• Webster's Revised Unabridged Dictionary
    • a Redintegrate Restored to wholeness or a perfect state; renewed.
    • v. t Redintegrate To make whole again; a renew; to restore to integrity or soundness. "The English nation seems obliterated. What could redintegrate us again?"
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Century Dictionary and Cyclopedia
    • redintegrate To bring back to an integral condition; recombine or reconstruct; renew; restore to a perfect state.
    • redintegrate Renewed; restored to wholeness or a perfect state.
    • ***
Chambers's Twentieth Century Dictionary
    • v.t Redintegrate rē-din′tē-grāt to restore to integrity again: to renew
    • pr.p Redintegrate redin′tegrāting; pa.p. redin′tegrāted
    • ***


Webster's Revised Unabridged Dictionary
L. redintegratus, p. p. of redintegrare, to restore; pref. red-, re-, re- + integrare, to make whole, to renew, fr. integer, whole. See Integer


In literature:

The like is true of the breakdown and redintegration of devout ritual after such a revulsion.
"The Theory of the Leisure Class" by Thorstein Veblen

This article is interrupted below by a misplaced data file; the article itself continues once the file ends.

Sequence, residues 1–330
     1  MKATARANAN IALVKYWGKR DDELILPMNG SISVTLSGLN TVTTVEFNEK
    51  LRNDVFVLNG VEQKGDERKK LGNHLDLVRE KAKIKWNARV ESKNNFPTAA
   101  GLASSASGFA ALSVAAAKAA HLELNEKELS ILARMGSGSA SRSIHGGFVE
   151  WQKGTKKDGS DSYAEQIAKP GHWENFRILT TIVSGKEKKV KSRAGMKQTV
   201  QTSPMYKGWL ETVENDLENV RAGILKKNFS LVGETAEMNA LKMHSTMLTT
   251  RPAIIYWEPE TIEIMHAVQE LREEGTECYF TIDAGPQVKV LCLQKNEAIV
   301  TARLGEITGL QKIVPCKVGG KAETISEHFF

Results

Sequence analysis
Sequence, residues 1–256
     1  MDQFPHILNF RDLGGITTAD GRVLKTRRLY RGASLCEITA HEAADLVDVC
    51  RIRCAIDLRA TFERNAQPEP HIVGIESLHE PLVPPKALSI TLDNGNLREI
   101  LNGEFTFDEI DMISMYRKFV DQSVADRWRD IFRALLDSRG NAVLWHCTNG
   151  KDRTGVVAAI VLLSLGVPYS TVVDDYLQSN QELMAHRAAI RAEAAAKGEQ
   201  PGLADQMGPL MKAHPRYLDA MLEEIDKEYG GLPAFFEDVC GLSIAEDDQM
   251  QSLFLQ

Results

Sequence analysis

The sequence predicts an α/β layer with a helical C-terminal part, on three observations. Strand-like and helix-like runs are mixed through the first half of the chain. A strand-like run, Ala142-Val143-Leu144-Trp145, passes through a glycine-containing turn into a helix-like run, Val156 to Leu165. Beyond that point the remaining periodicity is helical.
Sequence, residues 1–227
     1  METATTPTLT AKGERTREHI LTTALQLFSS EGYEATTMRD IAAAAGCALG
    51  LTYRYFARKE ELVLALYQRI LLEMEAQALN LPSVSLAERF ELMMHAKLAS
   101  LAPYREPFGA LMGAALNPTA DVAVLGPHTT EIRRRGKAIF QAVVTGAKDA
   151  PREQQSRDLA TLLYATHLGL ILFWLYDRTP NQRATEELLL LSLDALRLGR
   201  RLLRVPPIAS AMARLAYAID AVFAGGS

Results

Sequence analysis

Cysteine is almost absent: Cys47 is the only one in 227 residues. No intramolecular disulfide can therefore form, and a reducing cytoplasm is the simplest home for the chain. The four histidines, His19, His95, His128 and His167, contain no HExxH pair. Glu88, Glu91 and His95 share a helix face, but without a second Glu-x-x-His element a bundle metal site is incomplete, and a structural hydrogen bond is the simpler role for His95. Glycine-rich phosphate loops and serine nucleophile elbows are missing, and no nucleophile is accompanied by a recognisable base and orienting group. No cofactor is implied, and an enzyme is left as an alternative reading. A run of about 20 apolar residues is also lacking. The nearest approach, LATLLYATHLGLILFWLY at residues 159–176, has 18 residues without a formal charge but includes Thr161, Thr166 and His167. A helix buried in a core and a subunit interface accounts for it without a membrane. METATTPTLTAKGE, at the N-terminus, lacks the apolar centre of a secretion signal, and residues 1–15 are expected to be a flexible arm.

He says that this suture insures the redintegration of the nerve much better.
"Old-Time Makers of Medicine" by James J. Walsh
Redintegration, Law of, 19; Total, 36.
"Essay on the Creative Imagination" by Th. Ribot
The disintegration of mental forms and their redintegration is the life of the imagination.
"The Sense of Beauty" by George Santayana
The function of logic is the redintegration of this experience.
"International Congress of Arts and Science, Volume I" by Various
It is a reduction of the original colliding contents to a form in which the effort at redintegration gets maximum efficiency.
"Essays in Experimental Logic" by John Dewey
However, I do not know of any instance of such tacit redintegration.
"International Law. A Treatise. Volume I (of 2)" by Lassa Francis Oppenheim
Or is the garage simply a means by which a divided body of activities is redintegrated or coordinated?
"Human Nature and Conduct" by John Dewey